Suffering in secret - Women hold their peace as promised anti sexual harassment law crawls through the pipeline
Nadine Wilson-Harris, Staff Reporter
Promises of tough legislation to tackle sexual harassment in the workplace have done little to placate local women's-rights advocates, who argue that they have heard this many times before.
Last March, minister with responsibility for information, Senator Sandrea Falconer, announced that a draft bill dealing with the vexing issue would soon be before the Cabinet for consideration, but as the legislation slowly makes its way through the channels, several women continue to suffer in silence.
Former president of Women's Inc, Joyce Hewitt, said various women's groups have been lobbying for sexual harassment laws since the '90s; however, the closest they have come to this is the formation of a draft national policy on sexual harassment, which she believes has not been effective in dealing with the issue.
"We are really out of patience with regard to the status of sexual harassment at the workplace legislation," said Hewitt, as she pointed out that the Crisis Hotline continues to receive calls from women who fear being terminated from their jobs if they blow the whistle and bring attention to the sexual harassment by their supervisors or bosses.
"Some women are in such a state of crisis that they were chronically depressed, and there were two cases where women were suicidal because they were working at a relatively high level and felt that they had nowhere to turn as the harassment was quite extreme," Hewitt told The Sunday Gleaner.
Hewitt, who now serves on the public education committee at Women's Inc, said in some of the cases she has come across, the women were so fed up that they left their jobs eventually.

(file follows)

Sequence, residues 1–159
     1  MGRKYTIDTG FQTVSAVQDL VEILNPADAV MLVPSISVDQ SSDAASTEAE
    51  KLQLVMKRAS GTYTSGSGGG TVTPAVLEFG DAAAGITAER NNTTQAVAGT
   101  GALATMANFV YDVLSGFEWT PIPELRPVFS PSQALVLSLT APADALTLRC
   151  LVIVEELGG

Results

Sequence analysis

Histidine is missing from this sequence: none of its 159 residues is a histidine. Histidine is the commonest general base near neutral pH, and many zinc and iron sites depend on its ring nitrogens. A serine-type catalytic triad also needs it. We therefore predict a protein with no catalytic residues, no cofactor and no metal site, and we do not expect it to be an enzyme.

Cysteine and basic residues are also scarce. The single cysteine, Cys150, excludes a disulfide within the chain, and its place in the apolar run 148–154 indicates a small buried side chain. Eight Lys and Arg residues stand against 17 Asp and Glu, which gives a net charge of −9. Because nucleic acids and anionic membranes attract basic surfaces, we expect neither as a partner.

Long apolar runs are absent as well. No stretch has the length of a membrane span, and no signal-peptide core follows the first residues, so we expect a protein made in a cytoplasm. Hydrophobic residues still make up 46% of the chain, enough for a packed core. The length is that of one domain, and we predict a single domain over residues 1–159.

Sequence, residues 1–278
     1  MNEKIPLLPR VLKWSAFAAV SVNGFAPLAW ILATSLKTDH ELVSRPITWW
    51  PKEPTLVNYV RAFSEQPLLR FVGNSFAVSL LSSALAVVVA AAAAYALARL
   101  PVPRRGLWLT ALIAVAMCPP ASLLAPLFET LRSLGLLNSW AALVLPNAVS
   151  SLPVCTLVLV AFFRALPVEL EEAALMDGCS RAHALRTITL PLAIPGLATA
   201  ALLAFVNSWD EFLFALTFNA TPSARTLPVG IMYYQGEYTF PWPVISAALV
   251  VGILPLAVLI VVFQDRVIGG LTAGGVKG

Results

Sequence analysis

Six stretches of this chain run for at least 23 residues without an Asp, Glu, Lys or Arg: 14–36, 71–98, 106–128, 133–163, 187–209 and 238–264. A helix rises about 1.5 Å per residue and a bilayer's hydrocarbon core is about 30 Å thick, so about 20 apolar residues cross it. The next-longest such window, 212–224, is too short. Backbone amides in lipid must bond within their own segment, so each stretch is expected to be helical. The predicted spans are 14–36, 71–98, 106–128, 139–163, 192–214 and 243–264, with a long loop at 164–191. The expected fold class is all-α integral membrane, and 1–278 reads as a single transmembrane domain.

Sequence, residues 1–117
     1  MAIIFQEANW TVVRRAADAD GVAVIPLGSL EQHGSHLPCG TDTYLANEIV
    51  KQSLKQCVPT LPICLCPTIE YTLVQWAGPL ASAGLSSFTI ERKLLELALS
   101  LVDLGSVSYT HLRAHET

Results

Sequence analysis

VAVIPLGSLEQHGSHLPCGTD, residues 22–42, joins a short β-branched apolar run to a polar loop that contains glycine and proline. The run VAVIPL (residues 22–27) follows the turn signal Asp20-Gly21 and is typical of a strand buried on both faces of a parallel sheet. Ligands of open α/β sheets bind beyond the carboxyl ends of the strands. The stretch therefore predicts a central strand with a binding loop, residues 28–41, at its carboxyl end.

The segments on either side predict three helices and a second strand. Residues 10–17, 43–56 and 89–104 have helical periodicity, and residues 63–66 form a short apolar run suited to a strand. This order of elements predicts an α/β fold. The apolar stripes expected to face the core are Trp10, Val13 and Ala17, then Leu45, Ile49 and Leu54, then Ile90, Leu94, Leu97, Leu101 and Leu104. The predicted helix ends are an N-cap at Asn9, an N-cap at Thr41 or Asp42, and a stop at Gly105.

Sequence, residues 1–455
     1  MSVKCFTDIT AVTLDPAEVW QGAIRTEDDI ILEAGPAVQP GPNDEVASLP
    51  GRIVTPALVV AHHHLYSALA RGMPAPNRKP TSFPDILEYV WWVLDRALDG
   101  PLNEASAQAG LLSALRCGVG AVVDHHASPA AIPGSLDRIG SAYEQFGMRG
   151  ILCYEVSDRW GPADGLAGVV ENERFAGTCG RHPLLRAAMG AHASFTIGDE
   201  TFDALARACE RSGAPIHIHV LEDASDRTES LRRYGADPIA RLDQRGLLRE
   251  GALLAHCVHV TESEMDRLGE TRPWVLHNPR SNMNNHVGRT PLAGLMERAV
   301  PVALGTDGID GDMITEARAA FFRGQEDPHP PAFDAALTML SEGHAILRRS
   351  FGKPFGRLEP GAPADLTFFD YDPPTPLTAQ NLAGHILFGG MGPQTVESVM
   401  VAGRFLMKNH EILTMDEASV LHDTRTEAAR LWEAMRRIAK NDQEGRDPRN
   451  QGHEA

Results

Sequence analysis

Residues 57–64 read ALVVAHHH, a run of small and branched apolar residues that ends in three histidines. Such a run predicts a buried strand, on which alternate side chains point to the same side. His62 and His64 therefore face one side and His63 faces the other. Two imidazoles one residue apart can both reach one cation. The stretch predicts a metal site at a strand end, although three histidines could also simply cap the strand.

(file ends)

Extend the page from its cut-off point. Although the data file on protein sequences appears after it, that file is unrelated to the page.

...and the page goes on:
"When they go to the next job and the question is asked, why is it that you left the last job, they are reluctant to say 'I was a victim of harassment', so they would try to make up all other kinds of stories, which is detrimental to finding employment. It's a terrible, terrible thing that continues without any recourse for the victims."
In June 2000, while serving as minister with responsibility for women's affairs, Portia Simpson Miller had promised that she was going to be promoting the need for sexual-harassment policy, as gender-based violence was a priority for her government.
In her April 2014 Budget presentation, Simpson Miller, now prime minister, promised again that a gender-neutral sexual-harassment policy was going to be a priority for her government. She pointed out then that the Cabinet had approved the drafting instructions for the preparation of the legislation.
Last week, Minister of Justice Senator Mark Golding told The Sunday Gleaner that the drafting instructions had been sent to the Office of the Parliamentary Counsel from about the middle last year.
"So I am waiting to get the draft bill from them."
Golding said the legislation will be modelled off the CARICOM draft sexual-harassment legislation although there will be some changes to make it more specific to Jamaica. He said it will not be limited to the workplace and will address the sexual harassment of both men and women.
According to Golding, there is a need for patience with the legislative process as it has been thoroughly put to the test in the last two years and several pieces of legislation were passed.
"The legislators are not dragging their feet. It's a question of the process of formulating and developing legislation. It's a pipeline that can only accommodate a certain volume of traffic going through it, and there has been a lot of traffic through that pipeline in the last two years, doing all sort of things," said Golding.
Given the absence of legislation, policy analyst at the Bureau of Gender Affairs, Karen Small, said the bureau has been conducting seminars within the public and private sectors to inform workers about the draft policy and to educate them more about what sexual harassment constitutes.